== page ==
Tutorial using the Cat command on the Linux command line

The cat command is one of the most used commands in Linux. The name of the cat command comes from its name (chain) which is used to merge files. The command can read and serialize files, and write content to standard output. If no file is specified or if the input file name is specified as a single dash (-) Then the output will be read from the standard input.

The Cat command is commonly used to display the contents of one or more text files, combine files by appending content from one file to the end of another file, and create new files.

In this tutorial, we’ll show you how to use the paint command with practical examples in everyday life.

Cat . command syntax

Before discussing how to use the cat command, let’s start by reviewing the basic syntax.

The expression for the paint utility is as follows:

cat [OPTIONS] [FILE_NAMES]
  • OPTIONS Paint options. Uses cat --help To see all available options.
  • FILE_NAMES The name of the file or document

View file contents with paint

The most basic and most common use of the cat command is to read the contents of a file.

For example, the following command will display the contents of the file /etc/issue At the station:

cat /etc/issue

Redirect file content

Instead of output to stdout (on the screen), you can point it to the file.

The following command will copy the content file1.txt to me file2.txt using operators (>):

cat file1.txt > file2.txt

Usually you can use the command cp to copy files. If the file file2.txt not found, the cat command will create it. If file2.txt is present, the cat command will overwrite the file.

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Use the operator (>>) to add content file1.txt to me file2.txt :

cat file1.txt >> file2.txt

The same as the previous player, if the file file2.txt Not found, it will be created. The difference is, if file2.txt Exist, then content file1.txt It will be added to file2.txt.

print font number

To display the contents of a file in line numbers, use the arguments -n:

cat -n /etc/lsb-release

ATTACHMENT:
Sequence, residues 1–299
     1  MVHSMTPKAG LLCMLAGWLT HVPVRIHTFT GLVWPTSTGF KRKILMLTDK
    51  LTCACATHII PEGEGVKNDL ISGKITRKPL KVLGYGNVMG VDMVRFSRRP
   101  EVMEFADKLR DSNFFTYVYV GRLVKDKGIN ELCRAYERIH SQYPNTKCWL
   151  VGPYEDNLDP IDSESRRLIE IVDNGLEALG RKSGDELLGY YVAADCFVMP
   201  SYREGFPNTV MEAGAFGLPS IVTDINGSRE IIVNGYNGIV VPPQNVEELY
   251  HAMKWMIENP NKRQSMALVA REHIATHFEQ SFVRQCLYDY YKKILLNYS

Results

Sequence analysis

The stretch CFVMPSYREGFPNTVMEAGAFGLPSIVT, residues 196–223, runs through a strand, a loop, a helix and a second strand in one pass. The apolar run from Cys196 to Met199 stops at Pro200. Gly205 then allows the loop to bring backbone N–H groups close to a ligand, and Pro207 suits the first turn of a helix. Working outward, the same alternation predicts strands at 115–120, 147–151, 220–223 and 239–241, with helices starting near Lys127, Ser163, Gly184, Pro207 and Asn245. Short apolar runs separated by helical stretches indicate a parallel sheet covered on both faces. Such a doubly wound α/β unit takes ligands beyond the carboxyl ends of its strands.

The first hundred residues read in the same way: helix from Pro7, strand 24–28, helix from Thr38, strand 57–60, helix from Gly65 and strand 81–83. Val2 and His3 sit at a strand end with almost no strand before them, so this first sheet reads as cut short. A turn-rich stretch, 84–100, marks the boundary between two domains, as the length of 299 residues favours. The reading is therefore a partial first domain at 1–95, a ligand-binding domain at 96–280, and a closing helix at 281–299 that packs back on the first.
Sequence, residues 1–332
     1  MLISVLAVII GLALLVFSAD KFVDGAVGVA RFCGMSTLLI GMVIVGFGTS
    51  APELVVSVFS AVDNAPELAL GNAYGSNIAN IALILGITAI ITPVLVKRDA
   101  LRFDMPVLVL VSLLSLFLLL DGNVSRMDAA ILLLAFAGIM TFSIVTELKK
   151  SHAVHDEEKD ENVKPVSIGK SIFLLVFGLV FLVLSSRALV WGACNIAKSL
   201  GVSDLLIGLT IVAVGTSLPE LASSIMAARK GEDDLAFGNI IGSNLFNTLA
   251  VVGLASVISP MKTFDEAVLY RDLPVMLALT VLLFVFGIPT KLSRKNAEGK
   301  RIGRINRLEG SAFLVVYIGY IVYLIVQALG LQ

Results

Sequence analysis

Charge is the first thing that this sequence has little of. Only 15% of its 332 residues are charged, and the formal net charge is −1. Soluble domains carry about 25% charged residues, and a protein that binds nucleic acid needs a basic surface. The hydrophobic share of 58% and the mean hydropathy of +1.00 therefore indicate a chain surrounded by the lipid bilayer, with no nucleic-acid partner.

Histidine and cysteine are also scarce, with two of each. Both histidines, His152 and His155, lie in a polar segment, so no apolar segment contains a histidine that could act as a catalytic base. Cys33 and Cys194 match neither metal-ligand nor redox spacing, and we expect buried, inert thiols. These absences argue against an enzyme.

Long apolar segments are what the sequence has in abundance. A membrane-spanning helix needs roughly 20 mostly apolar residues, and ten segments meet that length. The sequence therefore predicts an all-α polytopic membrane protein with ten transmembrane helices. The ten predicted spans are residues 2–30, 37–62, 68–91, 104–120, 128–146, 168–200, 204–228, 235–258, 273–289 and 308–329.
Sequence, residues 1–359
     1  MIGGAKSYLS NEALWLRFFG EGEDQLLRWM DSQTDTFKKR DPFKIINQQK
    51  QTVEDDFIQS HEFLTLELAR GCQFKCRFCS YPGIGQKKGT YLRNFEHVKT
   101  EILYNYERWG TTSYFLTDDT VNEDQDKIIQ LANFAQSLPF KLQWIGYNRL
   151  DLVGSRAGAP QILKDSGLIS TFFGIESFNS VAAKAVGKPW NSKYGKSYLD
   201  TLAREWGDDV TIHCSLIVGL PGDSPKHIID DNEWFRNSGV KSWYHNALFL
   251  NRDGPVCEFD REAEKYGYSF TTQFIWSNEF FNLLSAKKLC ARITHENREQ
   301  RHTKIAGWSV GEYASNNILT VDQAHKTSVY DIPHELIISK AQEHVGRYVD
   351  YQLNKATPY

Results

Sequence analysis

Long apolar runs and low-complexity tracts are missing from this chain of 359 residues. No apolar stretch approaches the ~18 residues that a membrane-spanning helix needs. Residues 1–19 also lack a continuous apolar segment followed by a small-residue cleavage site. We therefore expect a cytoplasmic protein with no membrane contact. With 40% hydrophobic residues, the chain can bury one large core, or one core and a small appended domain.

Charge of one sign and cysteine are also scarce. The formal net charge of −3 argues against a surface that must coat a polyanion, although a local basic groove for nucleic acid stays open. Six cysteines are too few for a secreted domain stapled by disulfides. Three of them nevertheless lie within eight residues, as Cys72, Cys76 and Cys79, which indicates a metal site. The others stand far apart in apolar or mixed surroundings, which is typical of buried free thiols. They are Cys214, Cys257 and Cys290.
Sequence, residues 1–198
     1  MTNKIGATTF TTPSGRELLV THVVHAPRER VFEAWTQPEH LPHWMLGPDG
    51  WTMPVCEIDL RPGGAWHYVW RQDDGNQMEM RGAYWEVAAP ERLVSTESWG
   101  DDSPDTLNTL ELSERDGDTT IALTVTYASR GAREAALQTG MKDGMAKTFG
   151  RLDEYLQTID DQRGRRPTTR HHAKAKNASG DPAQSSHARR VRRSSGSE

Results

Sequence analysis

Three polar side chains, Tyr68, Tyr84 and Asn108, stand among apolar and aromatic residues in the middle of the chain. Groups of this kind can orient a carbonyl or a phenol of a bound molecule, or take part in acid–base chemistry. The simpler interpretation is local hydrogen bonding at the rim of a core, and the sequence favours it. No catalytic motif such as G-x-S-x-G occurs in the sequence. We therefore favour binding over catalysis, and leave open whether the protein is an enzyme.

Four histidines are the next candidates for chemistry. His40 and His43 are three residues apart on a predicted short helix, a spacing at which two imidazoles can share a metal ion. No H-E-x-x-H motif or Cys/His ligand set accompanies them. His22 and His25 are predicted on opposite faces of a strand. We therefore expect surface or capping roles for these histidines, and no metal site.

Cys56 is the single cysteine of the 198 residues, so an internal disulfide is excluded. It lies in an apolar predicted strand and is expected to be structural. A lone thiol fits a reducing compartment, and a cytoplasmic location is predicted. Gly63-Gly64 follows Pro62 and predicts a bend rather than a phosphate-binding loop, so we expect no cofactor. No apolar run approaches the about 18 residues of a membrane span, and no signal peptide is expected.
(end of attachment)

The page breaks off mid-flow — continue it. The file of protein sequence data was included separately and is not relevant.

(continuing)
1	DISTRIB_ID=Ubuntu
2	DISTRIB_RELEASE=18.04
3	DISTRIB_CODENAME=bionic
4	DISTRIB_DESCRIPTION="Ubuntu 18.04.1 LTS"

Printing line numbers with the Cat . command

Remove blank lines

use arguments -s To get rid of duplicate empty output lines:

cat -s file.txt

Show TAB . characters

use arguments -T To visually distinguish between tabs and spaces.

cat -T /etc/hosts
127.0.0.1^Ilocalhost
127.0.1.1^Iubuntu1804.localdomain

The TAB character will be displayed as ^I.

Show end of lines

To display invisible end of line characters, use the . argument -e:

cat -e /etc/lsb-release
DISTRIB_ID=Ubuntu$
DISTRIB_RELEASE=18.04$
DISTRIB_CODENAME=bionic$
DISTRIB_DESCRIPTION="Ubuntu 18.04.1 LTS"$

The end of the line will be displayed as . $.

Merge files with the Cat أمر command

When two or more file names are passed as arguments to the cat command, the contents of the file are bound. The Cat command reads the files in the order they are given in the media and displays the contents of the file in the same order.

For example, the following command will read the contents file1.txt And the file2.txt And display the result in the terminal:

cat file1.txt file2.txt

You can combine two or more text files and write them to a file.

The following command will collect the contents file1.txt And the file2.txt Write it in a new file gabunganfile.txtusing operators (>):

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cat file1.txt file2.txt > gabunganfile.txt

If mergefile.txt does not exist, the cat command will create it automatically. Otherwise, the file will be overwritten file1.txt And the file2.txt and append the result to file3.txt to use the (>>The operator or operator:

cat file1.txt file2.txt >> file3.txt

If the file does not exist, the cat command will create it automatically.

When associating files with cat, you can use the same arguments as described in the previous section.

Creating files using the Cat . command

When creating small files, using cat is easier than using Vim, Sublime Text, Visual Studio Code, or any other text editor.

To create a new file, use the cat command followed by a redirection operator (‘>’) and the name of the file you want to create. Press Enter and type the text and once done press CTRL+D to save files.

In the following example, create a file with the name file1.txt:

cat > file1.txt

If the file is named file1.txt already exists, then the cat command will overwrite the file. Use the operator (‘>>‘) to append the output to an existing file

conclusion

For some people, using the command line is the fastest way to manage Linux, the cat command is one of the easiest ways to search the contents of a file without having to open/close a text editor.

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